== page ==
The Register-Herald, Beckley, West Virginia

Latest News

December 28, 2012

Video screens inform lawmakers

CHARLESTON — No one had to drag the Senate kicking and screaming into the 21st Century this time.

Time was, the Senate always lagged the House of Delegates when new technology arrived, even resisting the use of laptop computers on the desks of senators.

Not any more.

Considered the more conservative chamber, traditionally reluctant to change, the Senate is now a step ahead in the technological arena with the recent addition of huge video screens in the chamber’s only two committee rooms — finance and judiciary.

Assistant Clerk Lee Cassis says the closed circuit presentation system was designed to accommodate both the public, state agencies and senators seated around the horseshoe in the committee rooms.

Before the new wrinkle was added, lawmakers and others had to fumble through reams of paperwork in an often futile effort to keep up with the speakers.

“Last year, we rolled out the iPads in the chamber and did away with the big bill books,” Cassis said.

“Now, the members have the ability to have all those bills at the touch of a finger. This year, we’re going to incorporate iPads at the committee level and this is going to help us do that. When the agencies come to do budget presentations in finance, and come out with all these graphs and charts, we’ll have a good visual. We never had this ability. They would bring in these thick books to give to each member.”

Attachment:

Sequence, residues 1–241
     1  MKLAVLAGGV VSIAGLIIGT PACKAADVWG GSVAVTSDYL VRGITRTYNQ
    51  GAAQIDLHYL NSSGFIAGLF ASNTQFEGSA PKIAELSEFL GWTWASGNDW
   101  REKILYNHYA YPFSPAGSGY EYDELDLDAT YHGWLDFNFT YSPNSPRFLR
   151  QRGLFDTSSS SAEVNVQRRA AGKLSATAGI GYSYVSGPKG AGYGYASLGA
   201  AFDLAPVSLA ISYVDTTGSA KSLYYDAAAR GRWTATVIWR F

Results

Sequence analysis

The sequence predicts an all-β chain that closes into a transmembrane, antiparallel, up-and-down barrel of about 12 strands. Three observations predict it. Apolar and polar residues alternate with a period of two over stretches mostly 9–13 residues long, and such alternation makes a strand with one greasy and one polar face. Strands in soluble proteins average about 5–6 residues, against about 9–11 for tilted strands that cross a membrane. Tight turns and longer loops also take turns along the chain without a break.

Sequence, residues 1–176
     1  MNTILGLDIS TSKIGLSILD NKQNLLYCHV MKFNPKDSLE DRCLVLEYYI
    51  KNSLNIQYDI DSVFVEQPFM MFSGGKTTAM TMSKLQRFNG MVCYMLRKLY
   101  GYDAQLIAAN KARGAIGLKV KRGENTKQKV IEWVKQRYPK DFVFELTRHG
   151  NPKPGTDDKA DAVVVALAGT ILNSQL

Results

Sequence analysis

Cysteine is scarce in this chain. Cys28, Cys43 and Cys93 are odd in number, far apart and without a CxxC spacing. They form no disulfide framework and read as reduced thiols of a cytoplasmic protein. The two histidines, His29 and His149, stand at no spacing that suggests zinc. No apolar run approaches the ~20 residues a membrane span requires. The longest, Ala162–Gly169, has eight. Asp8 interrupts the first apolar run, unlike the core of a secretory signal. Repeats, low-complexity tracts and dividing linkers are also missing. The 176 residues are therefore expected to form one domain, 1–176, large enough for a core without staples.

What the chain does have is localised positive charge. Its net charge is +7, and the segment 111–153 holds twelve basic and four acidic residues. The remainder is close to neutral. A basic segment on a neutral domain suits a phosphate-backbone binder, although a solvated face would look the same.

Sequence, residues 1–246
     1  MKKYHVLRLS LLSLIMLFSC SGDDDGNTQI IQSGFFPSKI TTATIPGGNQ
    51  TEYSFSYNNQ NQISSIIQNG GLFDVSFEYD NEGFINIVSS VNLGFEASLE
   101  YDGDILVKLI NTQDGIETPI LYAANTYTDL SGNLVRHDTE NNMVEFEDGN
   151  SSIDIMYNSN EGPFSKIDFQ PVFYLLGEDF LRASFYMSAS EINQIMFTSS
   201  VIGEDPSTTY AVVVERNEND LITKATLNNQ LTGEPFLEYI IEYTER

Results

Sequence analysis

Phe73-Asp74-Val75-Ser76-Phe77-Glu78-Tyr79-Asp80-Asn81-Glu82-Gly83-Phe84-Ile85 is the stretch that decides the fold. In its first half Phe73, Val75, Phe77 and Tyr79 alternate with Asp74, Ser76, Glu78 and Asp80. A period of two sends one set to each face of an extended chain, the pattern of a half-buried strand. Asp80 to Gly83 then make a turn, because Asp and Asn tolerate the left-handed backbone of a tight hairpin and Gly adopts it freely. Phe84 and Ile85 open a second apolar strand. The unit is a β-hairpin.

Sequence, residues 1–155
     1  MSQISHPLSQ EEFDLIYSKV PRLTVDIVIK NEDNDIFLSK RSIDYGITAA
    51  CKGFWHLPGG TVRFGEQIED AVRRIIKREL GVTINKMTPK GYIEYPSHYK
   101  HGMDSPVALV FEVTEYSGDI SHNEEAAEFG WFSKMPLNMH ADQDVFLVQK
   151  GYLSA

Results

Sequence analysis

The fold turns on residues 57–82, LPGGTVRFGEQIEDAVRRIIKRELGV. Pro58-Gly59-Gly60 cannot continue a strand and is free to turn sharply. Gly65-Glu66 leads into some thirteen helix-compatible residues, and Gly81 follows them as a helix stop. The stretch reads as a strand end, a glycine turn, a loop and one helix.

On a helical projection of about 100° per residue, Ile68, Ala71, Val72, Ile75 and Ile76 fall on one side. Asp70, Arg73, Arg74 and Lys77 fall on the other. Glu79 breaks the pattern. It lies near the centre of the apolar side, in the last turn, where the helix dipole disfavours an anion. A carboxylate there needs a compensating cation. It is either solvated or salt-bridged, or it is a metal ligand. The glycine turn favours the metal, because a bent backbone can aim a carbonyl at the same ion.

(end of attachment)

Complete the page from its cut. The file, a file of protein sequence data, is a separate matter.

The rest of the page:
As each point is being made, all will be able to follow along the 70-inch screens, double sided so that lawmakers and those in the audience see everything simultaneously.

“For the members, they will have that presentation on their iPad so they can freely go through it and see what’s important to them in their districts,” Cassis said.

Cassis has been with the Senate clerk’s office six years now, after working fully a decade in the office of Legislative Auditor Aaron Allred.

For each committee room, the cost to add the screens was about $12,000, and Cassis says that includes the televisions, many high-tech add-ons, and the labor costs.

Installation wasn’t simple, however, especially in the judiciary room. There, Cassis explained, crews encountered 14-inch solid slabs and, once they began to drill, discovered gaps in between the concrete and had to go all the way into Allred’s offices and peel back the carpet.